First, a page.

We have a joke in my family about eating out–if the service is slow, get me talking. As soon as I begin to speak, our server will arrive with the specials of the day, or a dessert offer, or (my favorite) an inquiry about how our experience is going. Well, fine except for you interrupting me, is what I want to say!
As I think about how AI is currently working to improve customer experience, I ask myself: In this scenario, would a bot be better than a human?
In this case, the answer is ‘no’. At a nice restaurant, I prefer a person who can better read my expression, perceive the mood at the table, and see if the food is rapidly disappearing, or maybe not going over so well. But, clearly, timing and efficiency also matter. Imagine my reaction, for instance, if our waiter brought my side of ranch to the table after I’d finished my food. There’s no doubt that the right (or wrong) interaction at just the right (or wrong) moment is part of the overall customer service experience, and this will play a huge part in how I recall the restaurant. Moreover, it will be a big influencer in whether I recommend it or go back.
Which brings us to how bots can fit into a successful customer service strategy.
In retail, bots hit the sweet spot when it comes to helping us consumers solve our own problems—pre- and post-purchase, for example, research shows that we don’t necessary want to overcomplicate matters by bringing in real people. In a recent Narvar consumer survey, 98% of online shoppers said they prefer speaking to a person rather than a bot, but 38% couldn’t tell if a live chat or messenger app interaction was with AI or a human. On top of that, only 10% could confidently tell that they weren’t communicating with a human.
When answering simple questions or helping consumers with basic tasks, bots are a great first touchpoint, and may even be better than a human representative when all a customer wants is to get an answer and get on with the day. With my side of ranch, for instance, it would have been a better experience for me to simply put in a request at the exact time I needed it, and not wait around for the server to bring it on his own time.
The important thing for retailers is knowing when and how to use your people, and when to save resources by using a bot. The best strategy may be a judicious blend of bots and people, with a sensitivity (that human quality!) toward the right timing and channel through which to deliver the right communication. Based on the results found in Narvar’s consumer study, Bots, Text and Voice: What Cuts Through the Clutter, here are some suggestions for finding that balance:
Use bots where they add more value than a human interaction can.
Bots are great for assisting consumers when they seek answers to basic questions, such as about an EDD (estimated delivery date) or the specifics of your return policy. They can also be used to escalate more complex problems to the appropriate human, driving more efficiency across the board for customer service teams. Bots can also be a great tool for gathering feedback by asking customers about their overall satisfaction with their experiences.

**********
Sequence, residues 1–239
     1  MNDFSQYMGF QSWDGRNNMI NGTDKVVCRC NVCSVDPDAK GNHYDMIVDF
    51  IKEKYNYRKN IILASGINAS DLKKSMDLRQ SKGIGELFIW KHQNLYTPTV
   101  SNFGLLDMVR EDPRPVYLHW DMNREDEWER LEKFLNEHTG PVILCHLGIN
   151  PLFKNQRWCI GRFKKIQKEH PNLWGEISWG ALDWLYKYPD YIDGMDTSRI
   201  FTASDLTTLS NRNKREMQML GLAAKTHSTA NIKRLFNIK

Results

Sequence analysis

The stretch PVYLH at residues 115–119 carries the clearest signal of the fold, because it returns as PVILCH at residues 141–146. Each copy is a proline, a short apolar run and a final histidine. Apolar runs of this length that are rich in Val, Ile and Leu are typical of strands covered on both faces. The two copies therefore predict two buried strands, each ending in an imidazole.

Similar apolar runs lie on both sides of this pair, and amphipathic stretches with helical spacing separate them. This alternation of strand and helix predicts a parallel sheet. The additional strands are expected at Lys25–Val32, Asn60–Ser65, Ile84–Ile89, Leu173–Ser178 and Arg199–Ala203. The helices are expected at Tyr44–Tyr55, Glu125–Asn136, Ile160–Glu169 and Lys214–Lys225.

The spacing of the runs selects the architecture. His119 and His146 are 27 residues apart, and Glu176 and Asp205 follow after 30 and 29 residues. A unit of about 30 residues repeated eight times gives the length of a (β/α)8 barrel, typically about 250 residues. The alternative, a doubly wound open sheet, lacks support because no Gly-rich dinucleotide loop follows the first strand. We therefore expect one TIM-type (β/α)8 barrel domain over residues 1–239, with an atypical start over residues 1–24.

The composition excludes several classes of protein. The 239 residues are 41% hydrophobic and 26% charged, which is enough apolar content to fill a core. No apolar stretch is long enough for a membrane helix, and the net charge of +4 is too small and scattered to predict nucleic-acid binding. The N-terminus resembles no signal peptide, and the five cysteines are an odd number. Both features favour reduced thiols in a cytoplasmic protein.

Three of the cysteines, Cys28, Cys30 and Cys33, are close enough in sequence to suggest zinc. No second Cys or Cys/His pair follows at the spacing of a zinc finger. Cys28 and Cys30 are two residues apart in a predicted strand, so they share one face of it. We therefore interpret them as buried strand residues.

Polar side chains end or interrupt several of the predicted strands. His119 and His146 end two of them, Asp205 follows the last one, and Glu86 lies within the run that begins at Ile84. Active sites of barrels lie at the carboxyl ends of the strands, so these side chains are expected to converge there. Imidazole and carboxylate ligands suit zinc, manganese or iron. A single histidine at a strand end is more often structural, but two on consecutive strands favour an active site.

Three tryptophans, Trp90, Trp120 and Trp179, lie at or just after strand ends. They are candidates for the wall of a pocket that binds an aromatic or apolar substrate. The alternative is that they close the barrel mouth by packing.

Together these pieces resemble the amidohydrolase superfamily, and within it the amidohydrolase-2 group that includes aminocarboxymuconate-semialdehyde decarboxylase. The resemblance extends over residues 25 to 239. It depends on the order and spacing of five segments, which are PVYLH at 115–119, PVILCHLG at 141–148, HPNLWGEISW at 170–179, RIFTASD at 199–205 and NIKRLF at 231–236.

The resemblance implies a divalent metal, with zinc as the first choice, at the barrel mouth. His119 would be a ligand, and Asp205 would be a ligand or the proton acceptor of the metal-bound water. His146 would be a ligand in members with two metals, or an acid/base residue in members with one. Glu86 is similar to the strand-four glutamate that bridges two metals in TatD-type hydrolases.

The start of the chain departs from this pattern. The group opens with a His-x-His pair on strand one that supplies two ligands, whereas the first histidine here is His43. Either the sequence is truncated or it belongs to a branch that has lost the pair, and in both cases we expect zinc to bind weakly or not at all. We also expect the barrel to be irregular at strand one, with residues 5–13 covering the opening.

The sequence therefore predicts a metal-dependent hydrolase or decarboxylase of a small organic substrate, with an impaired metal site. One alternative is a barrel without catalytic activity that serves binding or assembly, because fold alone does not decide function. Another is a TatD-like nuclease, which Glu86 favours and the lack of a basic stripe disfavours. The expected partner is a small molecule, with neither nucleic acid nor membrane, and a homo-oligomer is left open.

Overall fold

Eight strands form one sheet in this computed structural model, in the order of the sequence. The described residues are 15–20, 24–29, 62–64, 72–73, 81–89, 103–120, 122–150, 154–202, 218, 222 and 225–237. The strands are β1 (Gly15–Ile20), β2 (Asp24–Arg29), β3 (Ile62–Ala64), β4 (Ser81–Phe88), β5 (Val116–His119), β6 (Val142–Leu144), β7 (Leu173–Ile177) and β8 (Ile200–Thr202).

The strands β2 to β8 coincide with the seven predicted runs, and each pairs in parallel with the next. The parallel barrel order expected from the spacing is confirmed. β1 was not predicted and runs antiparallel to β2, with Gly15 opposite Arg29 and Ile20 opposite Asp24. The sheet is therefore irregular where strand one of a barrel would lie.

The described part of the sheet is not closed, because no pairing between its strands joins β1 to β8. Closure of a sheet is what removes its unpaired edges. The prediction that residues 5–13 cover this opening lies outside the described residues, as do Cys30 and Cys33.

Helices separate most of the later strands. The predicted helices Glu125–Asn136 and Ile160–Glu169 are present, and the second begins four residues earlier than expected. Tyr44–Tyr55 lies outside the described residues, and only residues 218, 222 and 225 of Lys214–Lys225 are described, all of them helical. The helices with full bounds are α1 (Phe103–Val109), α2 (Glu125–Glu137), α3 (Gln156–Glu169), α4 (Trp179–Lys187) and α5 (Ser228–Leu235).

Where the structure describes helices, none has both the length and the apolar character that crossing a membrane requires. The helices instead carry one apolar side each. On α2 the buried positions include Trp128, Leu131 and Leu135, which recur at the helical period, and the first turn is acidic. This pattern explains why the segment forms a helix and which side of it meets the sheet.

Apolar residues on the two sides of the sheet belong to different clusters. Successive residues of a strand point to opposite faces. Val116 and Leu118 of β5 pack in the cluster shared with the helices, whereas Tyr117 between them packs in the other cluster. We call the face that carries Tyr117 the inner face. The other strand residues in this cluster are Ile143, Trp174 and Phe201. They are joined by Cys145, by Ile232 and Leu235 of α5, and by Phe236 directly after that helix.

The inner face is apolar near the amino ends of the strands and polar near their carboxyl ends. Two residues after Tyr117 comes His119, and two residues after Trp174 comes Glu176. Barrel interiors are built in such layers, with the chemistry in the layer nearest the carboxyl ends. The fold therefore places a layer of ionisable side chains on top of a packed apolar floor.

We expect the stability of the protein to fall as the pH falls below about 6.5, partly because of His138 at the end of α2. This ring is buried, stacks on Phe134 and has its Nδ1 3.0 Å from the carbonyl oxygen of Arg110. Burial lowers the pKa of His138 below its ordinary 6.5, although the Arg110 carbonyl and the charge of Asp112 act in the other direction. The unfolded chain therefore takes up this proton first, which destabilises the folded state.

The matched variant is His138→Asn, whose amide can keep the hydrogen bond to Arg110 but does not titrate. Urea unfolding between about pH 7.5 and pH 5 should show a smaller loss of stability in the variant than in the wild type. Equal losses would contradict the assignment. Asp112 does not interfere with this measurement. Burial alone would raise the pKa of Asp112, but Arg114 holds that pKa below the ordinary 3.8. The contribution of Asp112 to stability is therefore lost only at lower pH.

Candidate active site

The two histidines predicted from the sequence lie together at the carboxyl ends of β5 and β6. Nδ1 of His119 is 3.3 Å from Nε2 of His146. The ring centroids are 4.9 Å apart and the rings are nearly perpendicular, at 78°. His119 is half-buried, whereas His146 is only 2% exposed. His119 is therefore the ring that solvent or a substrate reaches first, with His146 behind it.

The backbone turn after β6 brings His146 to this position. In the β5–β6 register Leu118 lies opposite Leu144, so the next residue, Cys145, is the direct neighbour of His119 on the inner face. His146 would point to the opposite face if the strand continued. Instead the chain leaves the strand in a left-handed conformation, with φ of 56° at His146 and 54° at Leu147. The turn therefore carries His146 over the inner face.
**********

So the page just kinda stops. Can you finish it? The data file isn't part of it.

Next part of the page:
Use humans where they count most.
Much as you’d expect, humans are much better than bots at solving complex problems and handling emotionally charged or difficult situations (the words “I hear you,” for example, can go a long way). It’s also a good idea to involve a human touch when you’re dealing with higher-end products and experiences—84% of consumers say that more communication is critical if a purchase is expensive, and while that doesn’t exclusively mean the communication needs to come from a person, you want to have someone on-hand and prepared in case an issue needs to be escalated.
Create the bot-human workflow with intention—and mind the gaps.
Make it easy for a bot to escalate an issue—you don’t want to frustrate your customers further with interactions that create more friction within their overall experience—and make sure the information your customer has already given to the bot gets to the service rep once the issue is escalated. Keep in mind, too: while emotionally intelligent bots aren’t a reality quite yet, they’re currently being designed to recognize signs of frustration, which will make it easier for them to know when to bring a human into the equation.
The important thing for retailers is knowing when and how to use your people, and when to save resources by using a bot.
Conversational bots and other AI-driven channels such as voice may be in their infancy today, but as they begin to evolve and feel like human interactions, they’ll surely become the norm. Bots are great at assisting with easy Q&As; we like to take care of ourselves until we can’t. When problems need to escalate, then, routing to a human is the right choice.
As with any new communication channel, it’s important to experiment, analyze, refine, and iterate. Just as my family and I appreciate a waiter’s good timing when eating out, shoppers will appreciate bots if you use them to add more value to your pre- and post-purchase experiences.